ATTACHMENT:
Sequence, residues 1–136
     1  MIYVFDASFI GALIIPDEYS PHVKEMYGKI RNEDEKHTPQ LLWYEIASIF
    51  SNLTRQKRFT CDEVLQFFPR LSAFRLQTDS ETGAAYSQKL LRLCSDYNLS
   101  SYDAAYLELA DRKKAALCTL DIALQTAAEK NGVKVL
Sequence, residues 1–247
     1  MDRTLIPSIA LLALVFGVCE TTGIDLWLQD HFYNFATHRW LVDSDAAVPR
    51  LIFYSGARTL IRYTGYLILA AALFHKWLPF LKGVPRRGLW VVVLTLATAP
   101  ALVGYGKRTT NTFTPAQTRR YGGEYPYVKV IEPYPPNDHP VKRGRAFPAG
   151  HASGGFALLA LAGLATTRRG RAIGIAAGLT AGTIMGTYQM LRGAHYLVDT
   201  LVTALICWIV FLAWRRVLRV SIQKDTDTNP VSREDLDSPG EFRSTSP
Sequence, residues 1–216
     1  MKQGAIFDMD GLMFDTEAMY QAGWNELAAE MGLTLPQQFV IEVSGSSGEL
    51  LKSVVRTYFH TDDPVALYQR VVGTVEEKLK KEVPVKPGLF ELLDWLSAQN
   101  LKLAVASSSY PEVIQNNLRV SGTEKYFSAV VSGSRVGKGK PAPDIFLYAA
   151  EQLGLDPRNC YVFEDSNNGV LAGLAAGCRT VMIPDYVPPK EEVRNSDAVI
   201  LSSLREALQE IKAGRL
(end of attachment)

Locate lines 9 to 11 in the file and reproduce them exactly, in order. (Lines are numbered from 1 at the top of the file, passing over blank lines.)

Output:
   151  HASGGFALLA LAGLATTRRG RAIGIAAGLT AGTIMGTYQM LRGAHYLVDT
   201  LVTALICWIV FLAWRRVLRV SIQKDTDTNP VSREDLDSPG EFRSTSP
Sequence, residues 1–216